Whoa! @mariella! I’m not sure what need to be done but something need to be done! They can’t just give away an animal that’s not theirs. That’s crazy!
    We also had some neighbors that shot our big Siberian Husky years ago. He unfortunately didn’t make it.
    But seriously though! Something needs to be done about those neighbors of yours.
     
  8. Damfino

    Damfino Well-Known Member

    Dec 29, 2013
    Right behind you
    It sounds like there is a long history of animals escaping (both ways), and I think the old adage, "Good fences make good neighbors" applies very well in this case. I think the best way to fix this problem is to work on your fences so no dogs, horses, llamas, or goats can escape to your neighbors'. I mean, if someone carelessly leaves a gate open once in a blue moon that's one thing, but it sounds like there's an ongoing pattern here. Luckily this is not an unfixable problem. Electric fence is relatively cheap and very easy to use. I'd personally go that route.
     
  9. AlabamaGirl

    AlabamaGirl Active Member

    101
    Jun 18, 2020
    Southeast
    She. Sounds. Obnoxious.
     
  10. mariella

    mariella Well-Known Member

    Feb 23, 2017
    Prague Oklahoma
    In Oklahoma we have the Open fence law, she is responsible for half of the fencing but doesn't do anything to help us maintain the fencing. We have fixed it so our cows and horses can't get over there anymore but we don't have the funds to put up any kind of goat fencing ( I keep the goats in an 8-panel pen that I move) We have 75 acres (So does she) and to hotwire it would cost more then I can afford right now and she doesn't help with costs at all. I plan on being a lot more careful with my goats from now until I move out. I'm saving up so I can buy my own place far from this lady.
     
  11. toth boer goats

    toth boer goats Moderator Staff Member Supporting Member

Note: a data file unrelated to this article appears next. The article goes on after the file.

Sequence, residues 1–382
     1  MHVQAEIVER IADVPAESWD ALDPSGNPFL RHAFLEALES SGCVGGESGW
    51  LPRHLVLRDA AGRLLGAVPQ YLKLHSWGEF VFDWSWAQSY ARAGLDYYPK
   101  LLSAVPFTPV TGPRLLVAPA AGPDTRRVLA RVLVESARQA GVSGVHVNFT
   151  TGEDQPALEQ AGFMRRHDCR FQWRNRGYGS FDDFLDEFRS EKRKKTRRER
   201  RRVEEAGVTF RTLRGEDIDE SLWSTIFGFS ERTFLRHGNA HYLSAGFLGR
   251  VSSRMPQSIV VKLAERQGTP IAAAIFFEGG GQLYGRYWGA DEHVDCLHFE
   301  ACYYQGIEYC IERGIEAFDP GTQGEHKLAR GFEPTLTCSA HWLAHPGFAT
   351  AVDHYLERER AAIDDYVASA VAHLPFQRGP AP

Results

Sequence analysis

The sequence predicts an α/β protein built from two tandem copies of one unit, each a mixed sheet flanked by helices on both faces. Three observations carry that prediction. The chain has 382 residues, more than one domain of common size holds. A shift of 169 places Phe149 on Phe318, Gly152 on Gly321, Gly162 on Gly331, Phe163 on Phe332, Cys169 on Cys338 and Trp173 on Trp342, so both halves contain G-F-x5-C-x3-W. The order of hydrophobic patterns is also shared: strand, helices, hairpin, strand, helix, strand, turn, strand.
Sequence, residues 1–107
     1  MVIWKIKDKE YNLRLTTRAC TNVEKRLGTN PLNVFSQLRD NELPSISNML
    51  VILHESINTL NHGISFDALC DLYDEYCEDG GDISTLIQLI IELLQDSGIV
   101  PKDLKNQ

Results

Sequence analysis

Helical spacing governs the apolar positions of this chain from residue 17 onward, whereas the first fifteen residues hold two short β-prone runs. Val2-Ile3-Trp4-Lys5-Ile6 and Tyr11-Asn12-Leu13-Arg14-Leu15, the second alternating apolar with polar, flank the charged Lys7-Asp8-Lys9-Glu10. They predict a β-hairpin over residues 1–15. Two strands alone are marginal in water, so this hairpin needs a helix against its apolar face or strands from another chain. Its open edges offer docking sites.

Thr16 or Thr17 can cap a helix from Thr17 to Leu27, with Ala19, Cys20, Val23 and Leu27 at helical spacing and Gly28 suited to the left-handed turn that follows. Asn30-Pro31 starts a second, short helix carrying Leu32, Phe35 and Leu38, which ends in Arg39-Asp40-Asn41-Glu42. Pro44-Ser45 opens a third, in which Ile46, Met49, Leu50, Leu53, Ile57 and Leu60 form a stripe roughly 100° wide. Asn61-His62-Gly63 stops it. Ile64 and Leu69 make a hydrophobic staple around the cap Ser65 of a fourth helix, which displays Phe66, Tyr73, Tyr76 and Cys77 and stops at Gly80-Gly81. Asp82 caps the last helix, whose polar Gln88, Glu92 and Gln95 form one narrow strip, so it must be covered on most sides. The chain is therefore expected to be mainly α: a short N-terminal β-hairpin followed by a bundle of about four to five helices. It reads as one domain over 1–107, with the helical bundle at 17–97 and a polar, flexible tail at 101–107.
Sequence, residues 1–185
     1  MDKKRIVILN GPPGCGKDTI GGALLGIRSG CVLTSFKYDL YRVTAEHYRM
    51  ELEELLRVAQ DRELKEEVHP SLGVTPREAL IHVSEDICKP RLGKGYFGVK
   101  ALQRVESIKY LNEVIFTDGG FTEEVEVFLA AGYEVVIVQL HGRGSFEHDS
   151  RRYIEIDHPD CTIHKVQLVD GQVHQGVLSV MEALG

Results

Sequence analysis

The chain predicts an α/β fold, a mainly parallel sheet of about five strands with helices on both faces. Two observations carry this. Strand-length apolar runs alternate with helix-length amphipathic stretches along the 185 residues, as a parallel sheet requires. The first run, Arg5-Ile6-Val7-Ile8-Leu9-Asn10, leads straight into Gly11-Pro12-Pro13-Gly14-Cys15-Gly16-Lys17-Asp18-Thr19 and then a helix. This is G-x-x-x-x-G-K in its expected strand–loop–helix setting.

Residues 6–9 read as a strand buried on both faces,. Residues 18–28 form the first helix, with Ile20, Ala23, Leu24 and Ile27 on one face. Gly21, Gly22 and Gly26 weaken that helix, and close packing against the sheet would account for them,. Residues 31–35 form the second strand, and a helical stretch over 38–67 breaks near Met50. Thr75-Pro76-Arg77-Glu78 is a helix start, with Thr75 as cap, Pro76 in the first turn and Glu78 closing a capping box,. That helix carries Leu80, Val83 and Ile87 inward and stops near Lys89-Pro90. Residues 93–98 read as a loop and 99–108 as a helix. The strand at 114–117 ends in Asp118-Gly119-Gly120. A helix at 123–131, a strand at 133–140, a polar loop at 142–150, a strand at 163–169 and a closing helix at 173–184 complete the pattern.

Jul 20, 2008
    Corning California
    It is a great idea to make your own fenceline. That is a good investment.
     
  12. Damfino

    Damfino Well-Known Member

    Dec 29, 2013
    Right behind you
    The beauty of hotwire is that you can easily take it with you when you move. The most expensive part is the charger. After that, hotwire and step-in posts are really cheap, and all of it is very easy to move around for pasture rotation and takes up very little room if you decide to move and take it with you. Something to think about!
     
  13. Nommie Bringeruvda Noms

    Nommie Bringeruvda Noms Active Member

    111
    Nov 7, 2019
    MO
    That woman is a menace. If you're not planning to stay, 75acres is a lot of fencing. But, is there a need to fence in the entire thing? We're only on 29, and can't imagine fencing the whole thing. We don't want to, anyway, because we like having the wildlife. It definitely makes hunting easier, lol. So, we just fence in paddocks, with panels, that we can move around whenever/ wherever we want or need to. Granted, the tractor makes dragging them a lot easier, but honestly, even just a riding lawn mower or truck could do it.
     
  14. Goatzrule

    Goatzrule Well-Known Member

    Feb 7, 2013
    New England
    So glad you found them before she decided to sell them. I would definitely try to find a quick solution to your problem until you can move
     
  15. HoosierShadow

    HoosierShadow Senior Member

    Apr 19, 2010
    Central Kentucky
    I'm so glad you got them back! Very sorry the neighbor has been that way, but I will say if animals are escaping, it could possibly be annoying the neighbor and making them think differently of your family - always 2 sides to the story and not saying that in a bad way, I just mean, maybe try to see it from their aspect.